Eva Huggins - The Lady Behind Marjory Warren
The British Geriatrics Society wishes to encourage greater multi-disciplinary attendance and participation in its biannual conferences. We already receive several abstracts from nurses and therapists, either as independent authors or working in conjunction with their medical colleagues.
Nurses and therapists who have presented papers and displayed posters at our meetings have on a number of occasions, been selected to receive the various prizes for best paper or best poster. However, we also have the Eva Huggins prize, inaugurated in 2007, for best poster presented by a nurse at a BGS Spring or Autumn Meeting.
Who was Miss Eva Huggins?
Eva Huggins was a remarkable woman living at a remarkable time i.e. during the birth of geriatric medicine in the United Kingdom under the leadership of Marjory Warren (known as the mother of geriatrics). Miss Huggins served as matron of West Middlesex Hospital around 1922 - 1935. In recognition that excellent care for the older person is always a multiprofessional challenge, the former Consultant Nurse Special Interest Group undertook extensive research to identify the nurse leader who must have stood alongside Dr Marjory Warren (The Mother of Geriatrics) in 1935 as she took charge of the workhouse infirmary and began to re-organise the care of older people and formulate her early ideas on the special needs of this group in society.
The West Middlesex (County) Hospital was originally the New Brentford Workhouse, established in 1757. By 1902, a new infirmary block had been added and from 1920, became known as the West Middlesex. The site is current occupied by Hounslow and Spelthorne Community and Mental Health Services.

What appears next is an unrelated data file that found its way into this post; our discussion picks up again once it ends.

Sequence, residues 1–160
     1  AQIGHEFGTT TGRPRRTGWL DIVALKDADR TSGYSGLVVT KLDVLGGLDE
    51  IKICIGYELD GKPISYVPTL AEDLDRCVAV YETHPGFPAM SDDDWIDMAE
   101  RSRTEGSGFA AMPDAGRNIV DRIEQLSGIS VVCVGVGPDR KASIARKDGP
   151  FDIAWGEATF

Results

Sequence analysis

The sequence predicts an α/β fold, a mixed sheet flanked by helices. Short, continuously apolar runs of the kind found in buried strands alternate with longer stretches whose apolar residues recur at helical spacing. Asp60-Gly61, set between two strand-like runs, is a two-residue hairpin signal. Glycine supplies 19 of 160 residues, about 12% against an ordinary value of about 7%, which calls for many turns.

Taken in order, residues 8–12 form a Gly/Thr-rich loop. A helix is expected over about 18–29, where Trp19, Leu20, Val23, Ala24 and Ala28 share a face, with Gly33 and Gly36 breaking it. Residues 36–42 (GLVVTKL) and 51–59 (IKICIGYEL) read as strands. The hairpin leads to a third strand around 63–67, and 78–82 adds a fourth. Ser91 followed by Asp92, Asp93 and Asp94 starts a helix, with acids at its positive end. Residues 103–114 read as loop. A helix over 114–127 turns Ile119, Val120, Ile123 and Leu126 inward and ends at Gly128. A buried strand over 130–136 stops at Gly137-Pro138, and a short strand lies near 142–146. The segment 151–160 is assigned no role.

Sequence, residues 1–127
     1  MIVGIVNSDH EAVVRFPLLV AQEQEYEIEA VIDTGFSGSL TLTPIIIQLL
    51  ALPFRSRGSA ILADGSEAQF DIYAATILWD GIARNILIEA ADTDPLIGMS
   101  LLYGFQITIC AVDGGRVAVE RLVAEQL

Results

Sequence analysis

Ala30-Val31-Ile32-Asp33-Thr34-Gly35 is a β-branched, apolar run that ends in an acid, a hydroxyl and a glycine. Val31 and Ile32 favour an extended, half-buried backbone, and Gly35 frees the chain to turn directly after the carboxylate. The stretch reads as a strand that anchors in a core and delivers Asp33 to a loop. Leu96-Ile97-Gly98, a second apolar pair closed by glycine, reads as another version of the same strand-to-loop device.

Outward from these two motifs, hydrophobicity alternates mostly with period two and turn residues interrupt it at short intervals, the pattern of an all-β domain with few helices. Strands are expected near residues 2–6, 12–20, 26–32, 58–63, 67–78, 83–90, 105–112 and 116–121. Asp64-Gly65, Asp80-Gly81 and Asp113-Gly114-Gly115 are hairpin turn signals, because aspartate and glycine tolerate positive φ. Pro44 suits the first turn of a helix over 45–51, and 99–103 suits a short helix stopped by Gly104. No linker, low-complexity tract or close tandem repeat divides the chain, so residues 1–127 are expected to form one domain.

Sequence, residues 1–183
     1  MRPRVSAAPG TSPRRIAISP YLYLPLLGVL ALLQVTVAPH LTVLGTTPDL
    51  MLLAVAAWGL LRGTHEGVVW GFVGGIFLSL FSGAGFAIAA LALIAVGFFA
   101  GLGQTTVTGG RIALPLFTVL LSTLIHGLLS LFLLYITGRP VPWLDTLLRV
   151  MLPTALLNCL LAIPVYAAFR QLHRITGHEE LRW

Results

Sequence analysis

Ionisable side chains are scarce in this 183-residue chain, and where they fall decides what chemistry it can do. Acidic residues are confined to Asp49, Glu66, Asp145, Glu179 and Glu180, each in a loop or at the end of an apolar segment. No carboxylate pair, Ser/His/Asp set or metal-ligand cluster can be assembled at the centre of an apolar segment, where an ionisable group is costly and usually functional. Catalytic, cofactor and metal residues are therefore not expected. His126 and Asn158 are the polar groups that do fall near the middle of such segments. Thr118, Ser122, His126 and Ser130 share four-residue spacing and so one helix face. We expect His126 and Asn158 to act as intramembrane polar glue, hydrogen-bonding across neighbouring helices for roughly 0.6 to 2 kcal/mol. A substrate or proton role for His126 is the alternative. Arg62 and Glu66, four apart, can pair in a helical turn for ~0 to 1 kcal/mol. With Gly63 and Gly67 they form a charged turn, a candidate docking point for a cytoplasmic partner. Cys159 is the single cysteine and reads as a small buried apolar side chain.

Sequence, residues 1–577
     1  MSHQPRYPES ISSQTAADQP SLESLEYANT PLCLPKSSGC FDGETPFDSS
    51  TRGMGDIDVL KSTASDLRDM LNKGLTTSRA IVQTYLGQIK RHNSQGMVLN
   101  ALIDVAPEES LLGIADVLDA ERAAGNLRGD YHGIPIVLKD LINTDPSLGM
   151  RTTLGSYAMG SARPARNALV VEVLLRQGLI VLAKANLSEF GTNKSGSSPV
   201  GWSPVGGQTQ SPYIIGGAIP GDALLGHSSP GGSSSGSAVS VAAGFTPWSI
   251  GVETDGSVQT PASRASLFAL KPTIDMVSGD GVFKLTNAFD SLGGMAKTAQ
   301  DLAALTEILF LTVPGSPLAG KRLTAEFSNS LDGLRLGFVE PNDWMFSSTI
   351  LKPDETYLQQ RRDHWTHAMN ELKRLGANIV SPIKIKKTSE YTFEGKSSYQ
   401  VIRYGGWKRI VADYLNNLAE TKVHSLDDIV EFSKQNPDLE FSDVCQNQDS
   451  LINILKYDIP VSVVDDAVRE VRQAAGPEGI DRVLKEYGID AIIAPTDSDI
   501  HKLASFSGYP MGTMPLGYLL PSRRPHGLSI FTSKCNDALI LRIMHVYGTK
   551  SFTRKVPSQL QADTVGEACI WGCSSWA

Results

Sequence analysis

In the 1911 Census an Eva Huggins (aged 30) was an Infirmary Nurse in the county of Middlesex. It records her estimated year of birth as being 1881 and states she was born in Ramsbottom, Lancashire. Going back to the 1891 and 1901 census, Miss Huggins is recorded as being a 'Cotton Weaver’ in Lancashire. Clearly in her twenties she moved to London and she trained to become an nurse. She was also President of the Isleworth Nurses League, evidenced in the 30th September 1922 issue of The British Journal of Nursing where she gets a mention. This links her to being at the West Middlesex Hospital some twelve years before Dr Warren took on her new role. In the same Journal in July 1923, Matron (Miss Huggins) and her Isleworth Nurses’ League get mentioned again for their ‘admirable Journal just printed, on fine paper and excellently printed.’
To be eligible for the Eva Huggins' Prize, all you have to do is submit an abstract which is accepted for presentation at a BGS meeting in either Spring or Autumn. As a nurse or therapist, you will then automatically be considered for the prize, currently £200.
To see previous winners of the prize, click here.